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Tips to Help Children Manage Uncertainty

Deprivation, grief, and loss are complicated emotions for anyone, but especially for children, who may be feeling them for the first time in their lives.

The Woman Post | Laura Valentina Cortés Sierra

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All around the world people regret having lost normality and routine, thus it becomes very important to talk about how kids can process losses related to COVID-19.

Mandy Rich from UNICEF spoke with Dr. Lisa Damour, psychologist, bestselling author, monthly New York Times columnist, and mother, about how parents can help their children cope with both large and small losses during the pandemic.

My Son Has a Hard Time Understanding Why We Are All Always at Home Now. How Can I Explain Him?

Using a benchmark with young children can help, saying for example "Do you remember that when you have a cold, we leave you at home so you don't make other people sick? Well, this is the same, only that this virus is more dangerous than a cold. So we stay home to make sure we don't get the virus, and people who have the virus stay at home so they don't spread it to anyone."

Offering kids a partial solution to them being unable to see their friends can help them stay calmer. A good option is to suggest that while they can meet their friends again they can write a letter and leave it in their mailbox.

How Can I Help My Child Cope With Emotions of Grief and Depravations?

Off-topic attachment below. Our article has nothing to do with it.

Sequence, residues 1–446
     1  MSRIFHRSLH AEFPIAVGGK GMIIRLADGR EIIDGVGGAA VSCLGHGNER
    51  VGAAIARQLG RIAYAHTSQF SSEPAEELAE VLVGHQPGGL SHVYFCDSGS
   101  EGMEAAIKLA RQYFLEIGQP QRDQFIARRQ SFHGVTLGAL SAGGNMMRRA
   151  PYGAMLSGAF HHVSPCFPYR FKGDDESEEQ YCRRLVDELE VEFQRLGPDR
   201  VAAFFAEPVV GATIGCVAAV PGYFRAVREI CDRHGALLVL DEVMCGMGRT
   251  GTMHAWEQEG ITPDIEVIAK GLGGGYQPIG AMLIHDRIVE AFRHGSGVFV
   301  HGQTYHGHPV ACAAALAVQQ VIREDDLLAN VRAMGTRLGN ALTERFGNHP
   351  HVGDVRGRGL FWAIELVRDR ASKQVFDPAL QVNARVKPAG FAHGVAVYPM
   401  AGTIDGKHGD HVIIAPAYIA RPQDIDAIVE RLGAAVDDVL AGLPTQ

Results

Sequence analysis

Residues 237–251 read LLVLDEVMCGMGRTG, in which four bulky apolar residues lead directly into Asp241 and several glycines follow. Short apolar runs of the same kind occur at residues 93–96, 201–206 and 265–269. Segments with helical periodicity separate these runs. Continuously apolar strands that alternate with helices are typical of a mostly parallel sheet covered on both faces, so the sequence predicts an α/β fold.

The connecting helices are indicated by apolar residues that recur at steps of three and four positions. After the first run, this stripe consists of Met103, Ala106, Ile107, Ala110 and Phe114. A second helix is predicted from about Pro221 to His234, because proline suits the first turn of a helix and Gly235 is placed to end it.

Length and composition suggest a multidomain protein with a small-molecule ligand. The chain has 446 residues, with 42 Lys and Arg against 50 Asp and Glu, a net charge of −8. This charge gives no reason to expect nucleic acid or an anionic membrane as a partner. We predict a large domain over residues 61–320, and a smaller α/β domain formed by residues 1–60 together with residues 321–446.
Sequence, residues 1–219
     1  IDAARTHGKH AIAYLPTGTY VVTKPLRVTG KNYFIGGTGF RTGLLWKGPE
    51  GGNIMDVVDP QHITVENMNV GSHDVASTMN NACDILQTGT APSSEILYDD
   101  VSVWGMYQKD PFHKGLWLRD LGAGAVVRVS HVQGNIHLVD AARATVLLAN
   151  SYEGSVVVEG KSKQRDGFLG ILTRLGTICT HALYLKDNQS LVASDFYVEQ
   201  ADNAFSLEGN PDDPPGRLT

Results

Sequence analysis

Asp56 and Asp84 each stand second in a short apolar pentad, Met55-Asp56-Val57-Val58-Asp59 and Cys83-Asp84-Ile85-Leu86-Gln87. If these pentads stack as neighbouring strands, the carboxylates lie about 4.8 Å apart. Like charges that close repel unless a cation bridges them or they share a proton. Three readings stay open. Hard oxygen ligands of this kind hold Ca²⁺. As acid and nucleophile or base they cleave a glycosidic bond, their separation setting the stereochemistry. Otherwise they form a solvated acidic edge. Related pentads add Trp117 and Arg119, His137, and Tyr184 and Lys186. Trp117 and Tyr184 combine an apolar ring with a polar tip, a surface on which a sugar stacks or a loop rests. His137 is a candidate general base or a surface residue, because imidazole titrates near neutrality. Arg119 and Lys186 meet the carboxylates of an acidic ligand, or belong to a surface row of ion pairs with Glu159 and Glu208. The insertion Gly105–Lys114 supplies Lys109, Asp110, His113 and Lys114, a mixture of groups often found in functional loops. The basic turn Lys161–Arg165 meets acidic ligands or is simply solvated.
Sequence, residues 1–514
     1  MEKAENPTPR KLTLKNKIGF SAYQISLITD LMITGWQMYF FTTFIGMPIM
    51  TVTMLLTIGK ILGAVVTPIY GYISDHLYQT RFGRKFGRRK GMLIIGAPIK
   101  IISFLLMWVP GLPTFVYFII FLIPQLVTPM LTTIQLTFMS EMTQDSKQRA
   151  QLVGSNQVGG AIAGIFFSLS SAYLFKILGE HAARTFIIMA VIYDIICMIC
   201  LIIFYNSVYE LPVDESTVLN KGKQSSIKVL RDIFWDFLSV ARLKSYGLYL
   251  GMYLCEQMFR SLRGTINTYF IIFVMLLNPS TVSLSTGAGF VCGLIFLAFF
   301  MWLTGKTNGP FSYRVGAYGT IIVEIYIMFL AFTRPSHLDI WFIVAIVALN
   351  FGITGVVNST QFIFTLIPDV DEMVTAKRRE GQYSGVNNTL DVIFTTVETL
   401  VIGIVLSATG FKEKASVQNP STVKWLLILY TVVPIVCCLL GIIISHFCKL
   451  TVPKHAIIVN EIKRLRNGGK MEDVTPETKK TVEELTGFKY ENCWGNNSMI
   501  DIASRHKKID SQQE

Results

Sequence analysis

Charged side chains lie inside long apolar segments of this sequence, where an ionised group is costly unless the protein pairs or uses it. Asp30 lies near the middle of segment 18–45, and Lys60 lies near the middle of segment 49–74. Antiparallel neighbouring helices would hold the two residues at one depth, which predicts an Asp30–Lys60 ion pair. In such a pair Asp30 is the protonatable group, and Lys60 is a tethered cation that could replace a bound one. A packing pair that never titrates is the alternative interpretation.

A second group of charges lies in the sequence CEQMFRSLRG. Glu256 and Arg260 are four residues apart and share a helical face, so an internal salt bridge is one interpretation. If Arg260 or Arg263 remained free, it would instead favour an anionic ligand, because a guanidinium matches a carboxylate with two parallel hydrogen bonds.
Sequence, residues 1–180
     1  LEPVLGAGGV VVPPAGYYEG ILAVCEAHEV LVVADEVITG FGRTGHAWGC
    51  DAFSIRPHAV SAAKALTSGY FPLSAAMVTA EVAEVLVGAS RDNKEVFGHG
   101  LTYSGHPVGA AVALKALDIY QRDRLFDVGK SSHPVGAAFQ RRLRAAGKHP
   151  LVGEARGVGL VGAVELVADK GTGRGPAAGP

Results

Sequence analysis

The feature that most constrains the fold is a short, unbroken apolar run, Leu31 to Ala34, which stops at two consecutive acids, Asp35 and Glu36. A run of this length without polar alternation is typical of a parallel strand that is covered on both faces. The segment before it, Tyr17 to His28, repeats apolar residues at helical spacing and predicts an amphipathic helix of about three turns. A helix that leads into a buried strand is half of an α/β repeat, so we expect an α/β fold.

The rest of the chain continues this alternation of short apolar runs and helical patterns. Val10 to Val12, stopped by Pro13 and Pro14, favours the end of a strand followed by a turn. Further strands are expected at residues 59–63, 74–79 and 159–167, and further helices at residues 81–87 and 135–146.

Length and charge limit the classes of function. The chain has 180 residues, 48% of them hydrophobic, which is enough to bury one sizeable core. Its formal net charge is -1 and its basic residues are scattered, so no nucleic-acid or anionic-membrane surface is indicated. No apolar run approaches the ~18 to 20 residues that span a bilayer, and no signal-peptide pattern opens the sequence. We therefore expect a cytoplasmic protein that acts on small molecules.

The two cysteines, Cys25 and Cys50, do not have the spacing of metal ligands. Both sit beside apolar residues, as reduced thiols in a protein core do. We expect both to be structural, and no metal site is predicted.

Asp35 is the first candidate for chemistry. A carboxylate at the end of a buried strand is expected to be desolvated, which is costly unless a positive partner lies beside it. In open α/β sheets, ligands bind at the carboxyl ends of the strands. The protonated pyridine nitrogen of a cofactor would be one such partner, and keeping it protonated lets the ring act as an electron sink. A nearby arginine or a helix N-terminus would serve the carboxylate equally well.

Be understanding and honest with children of all ages, especially with younger ones. Children under five cannot be told "we have lost someone," because they will not really understand what we mean. Dr. Lisa Damour explains the best way is to tell a kid with affection and tenderness: "I have very sad news to give you. Your grandfather has died. That means his body stopped working and we won't see him anymore." Although such direct communication can be hard for parents, honesty and transparency are essential. 

Also read: LET’S TALK MORE TO OUR CHILDREN ABOUT CYBERSECURITY

What Reactions Can You Expect From Children When They Mourn the Death of a Loved One?

Dr. Damour says it is not unusual for children between the ages of 6 and 11 and adolescents to react with disbelief or dismay to the death of a close person, or even forget from time to time death has occurred. This is a common and healthy defense mechanism to rest from very hurtful news. But those defenses come and go so they can be followed by waves of intense feelings. Thus a lot of understanding, and patience are what they need and deserve. 

My Son Is Very Affected by Not Being Able To Participate in Important Activities. What Should I Tell Him?

"Children have every right to be angry about the way the coronavirus has disrupted the normal rhythm of their lives," says Dr. Damour. The deprivations seem more tragic to them than to us because the coronavirus crisis covers a greater percentage of the time they have lived. It is easier for adults to look at it from perspective. Adults should try to show empathy and allow kids and adolescents to express their anger with sympathy. Many of the activities they are missing are milestones that only happen once in a lifetime and children may have been looking forward to them for months or years. 

I Am Concerned That My Son May Be Depressed. What Are the Signs That I Should Pay Attention To?

Dr. Lisa Damour suggests parents be vigilant if they see that their child appears dejected or very irritable for several days in a row, it can be crucial to detect depression. "Even in the case of grief, hopefully, the sadness will not be constant; that is, it can be intense at times and then subside. If the child or adolescent is down or irritable all the time, we should think about the possibility of depression." When parents identify these signs, they should go to a pediatrician, family doctor, or a mental health professional for guidance.